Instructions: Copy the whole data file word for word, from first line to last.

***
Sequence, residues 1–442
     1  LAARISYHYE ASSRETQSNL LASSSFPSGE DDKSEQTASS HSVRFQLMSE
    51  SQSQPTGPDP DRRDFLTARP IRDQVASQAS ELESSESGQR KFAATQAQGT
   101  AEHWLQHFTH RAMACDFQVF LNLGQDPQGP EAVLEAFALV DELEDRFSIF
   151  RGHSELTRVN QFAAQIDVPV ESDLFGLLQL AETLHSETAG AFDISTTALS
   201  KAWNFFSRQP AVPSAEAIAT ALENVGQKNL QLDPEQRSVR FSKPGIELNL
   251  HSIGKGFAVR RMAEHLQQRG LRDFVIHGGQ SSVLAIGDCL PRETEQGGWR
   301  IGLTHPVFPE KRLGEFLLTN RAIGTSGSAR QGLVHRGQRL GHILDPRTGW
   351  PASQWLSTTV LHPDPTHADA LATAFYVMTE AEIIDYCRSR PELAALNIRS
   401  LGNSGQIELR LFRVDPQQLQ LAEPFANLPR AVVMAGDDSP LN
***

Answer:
Sequence, residues 1–442
     1  LAARISYHYE ASSRETQSNL LASSSFPSGE DDKSEQTASS HSVRFQLMSE
    51  SQSQPTGPDP DRRDFLTARP IRDQVASQAS ELESSESGQR KFAATQAQGT
   101  AEHWLQHFTH RAMACDFQVF LNLGQDPQGP EAVLEAFALV DELEDRFSIF
   151  RGHSELTRVN QFAAQIDVPV ESDLFGLLQL AETLHSETAG AFDISTTALS
   201  KAWNFFSRQP AVPSAEAIAT ALENVGQKNL QLDPEQRSVR FSKPGIELNL
   251  HSIGKGFAVR RMAEHLQQRG LRDFVIHGGQ SSVLAIGDCL PRETEQGGWR
   301  IGLTHPVFPE KRLGEFLLTN RAIGTSGSAR QGLVHRGQRL GHILDPRTGW
   351  PASQWLSTTV LHPDPTHADA LATAFYVMTE AEIIDYCRSR PELAALNIRS
   401  LGNSGQIELR LFRVDPQQLQ LAEPFANLPR AVVMAGDDSP LN